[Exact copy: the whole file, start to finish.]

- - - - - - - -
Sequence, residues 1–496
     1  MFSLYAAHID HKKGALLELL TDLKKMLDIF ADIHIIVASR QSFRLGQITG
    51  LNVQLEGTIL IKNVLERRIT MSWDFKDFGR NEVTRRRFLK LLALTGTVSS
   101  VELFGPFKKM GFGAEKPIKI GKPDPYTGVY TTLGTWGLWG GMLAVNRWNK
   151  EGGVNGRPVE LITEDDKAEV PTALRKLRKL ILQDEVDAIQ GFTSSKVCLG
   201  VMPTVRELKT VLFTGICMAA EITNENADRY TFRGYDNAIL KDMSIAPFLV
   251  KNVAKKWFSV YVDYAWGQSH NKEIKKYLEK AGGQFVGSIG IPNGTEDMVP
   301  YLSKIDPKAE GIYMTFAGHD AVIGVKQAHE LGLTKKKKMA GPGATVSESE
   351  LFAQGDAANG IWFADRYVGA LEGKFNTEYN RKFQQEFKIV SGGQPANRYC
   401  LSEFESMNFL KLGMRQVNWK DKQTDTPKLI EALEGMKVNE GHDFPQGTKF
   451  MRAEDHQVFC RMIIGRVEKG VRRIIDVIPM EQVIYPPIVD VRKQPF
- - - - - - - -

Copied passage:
Sequence, residues 1–496
     1  MFSLYAAHID HKKGALLELL TDLKKMLDIF ADIHIIVASR QSFRLGQITG
    51  LNVQLEGTIL IKNVLERRIT MSWDFKDFGR NEVTRRRFLK LLALTGTVSS
   101  VELFGPFKKM GFGAEKPIKI GKPDPYTGVY TTLGTWGLWG GMLAVNRWNK
   151  EGGVNGRPVE LITEDDKAEV PTALRKLRKL ILQDEVDAIQ GFTSSKVCLG
   201  VMPTVRELKT VLFTGICMAA EITNENADRY TFRGYDNAIL KDMSIAPFLV
   251  KNVAKKWFSV YVDYAWGQSH NKEIKKYLEK AGGQFVGSIG IPNGTEDMVP
   301  YLSKIDPKAE GIYMTFAGHD AVIGVKQAHE LGLTKKKKMA GPGATVSESE
   351  LFAQGDAANG IWFADRYVGA LEGKFNTEYN RKFQQEFKIV SGGQPANRYC
   401  LSEFESMNFL KLGMRQVNWK DKQTDTPKLI EALEGMKVNE GHDFPQGTKF
   451  MRAEDHQVFC RMIIGRVEKG VRRIIDVIPM EQVIYPPIVD VRKQPF